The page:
By law in Germany, employers are responsible for creating a safe environment for their workers. This means that they should try and keep the temperature below 26C at all times and are legally obliged to take action if the temperature goes above 30C. 

That could include putting blinds on the windows to prevent the glare of the sun, installing air conditioning systems or purchasing fans. In some cases – such as outdoor manual labour – it could also involve starting and finishing earlier in the day. 

And in really high temperatures, employers may simply decide to call the whole thing off and give their employees a ‘hitzefrei’ day – basically a heat-induced day off – to go and cool down in a lake. However, business owners are generally given free rein to decide how hot is too hot in this instance (except in the case of vulnerable workers). 

READ ALSO: Hitzefrei: Is it ever legally too hot to go to work or school in Germany?

Do the heat rules apply to ‘home office?’

Unfortunately not. In most cases in Germany, the company isn’t directly involved in setting up the workspace for an employee that works from home, aside from possibly providing a laptop or phone for remote use. 

“The occupational health and safety regulations regarding room temperature do not apply in this case,” labour law expert Meike Brecklinghaus told German business publication T3N. “This is because the employer does not have direct access to the employee’s workplace and in this respect cannot take remedial action.”

That means that on hot days, it’s the employee’s own responsibility to make sure the environment is suitable for working in.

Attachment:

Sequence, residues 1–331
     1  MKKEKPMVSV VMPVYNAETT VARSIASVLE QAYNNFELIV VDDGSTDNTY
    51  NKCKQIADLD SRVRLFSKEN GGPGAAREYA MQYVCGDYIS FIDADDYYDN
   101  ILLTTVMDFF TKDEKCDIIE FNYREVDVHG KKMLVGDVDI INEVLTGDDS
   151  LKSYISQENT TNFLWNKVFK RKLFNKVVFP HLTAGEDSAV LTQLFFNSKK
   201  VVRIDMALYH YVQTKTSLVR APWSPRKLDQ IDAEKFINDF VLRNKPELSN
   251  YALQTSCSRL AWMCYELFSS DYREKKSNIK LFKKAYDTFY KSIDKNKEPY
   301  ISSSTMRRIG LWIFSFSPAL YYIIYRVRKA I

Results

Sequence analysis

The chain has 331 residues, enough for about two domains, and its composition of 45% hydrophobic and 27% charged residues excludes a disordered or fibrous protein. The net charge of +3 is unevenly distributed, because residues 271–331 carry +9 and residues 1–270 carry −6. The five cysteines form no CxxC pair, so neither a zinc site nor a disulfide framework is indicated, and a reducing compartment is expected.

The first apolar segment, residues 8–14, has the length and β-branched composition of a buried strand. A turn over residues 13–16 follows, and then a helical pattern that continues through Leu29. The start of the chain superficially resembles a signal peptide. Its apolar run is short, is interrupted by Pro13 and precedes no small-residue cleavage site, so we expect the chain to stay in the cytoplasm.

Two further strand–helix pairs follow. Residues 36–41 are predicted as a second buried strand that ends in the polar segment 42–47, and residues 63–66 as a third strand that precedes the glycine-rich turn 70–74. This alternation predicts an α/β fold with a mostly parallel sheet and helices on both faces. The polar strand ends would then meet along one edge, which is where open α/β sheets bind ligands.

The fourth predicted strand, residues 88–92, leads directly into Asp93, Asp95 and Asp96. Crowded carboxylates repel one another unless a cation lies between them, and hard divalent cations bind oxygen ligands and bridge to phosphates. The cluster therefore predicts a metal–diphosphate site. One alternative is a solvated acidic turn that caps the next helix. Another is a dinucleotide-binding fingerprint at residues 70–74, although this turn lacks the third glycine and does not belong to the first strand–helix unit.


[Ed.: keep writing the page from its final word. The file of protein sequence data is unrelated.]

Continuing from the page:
woman works from home in Germany

A woman works in her living room at home. Photo: picture alliance/dpa | Daniel Naupold

One duty employers do have, however, is to instruct their workers about the best way to set up a healthy work environment at home, for example by giving guidance on how to regulate the temperature. 

“In the end, it is the employee’s responsibility to maintain his or her workplace in a condition in which he or she can perform his or her work without the threat of health impairments,” Brecklinghaus explained.

What can home office workers do in hot weather?

There are plenty of ways to keep flats cooler in the summer months, including purchasing your own fan, keeping curtains or blinds drawn and ventilating the rooms in the evening or early morning when the weather is cooler.

However, if heat is really becoming a problem, it’s a good idea to communicate this to your employer. This is especially important if you have a health condition that makes it more dangerous to work in hot weather. 

In some cases, you might be able to negotiate for the employer to pay for the purchase of a fan or mobile air conditioner as goodwill gesture. If possible, you could also arrange to travel to the office where the temperature should be better regulated.

Another option for early birds or night owls is to arrange more flexible working hours so you can avoid sweltering at your desk in the midday sun, although this of course depends on operational factors. 

READ ASO: Jobs in Germany: Should foreign workers join a union?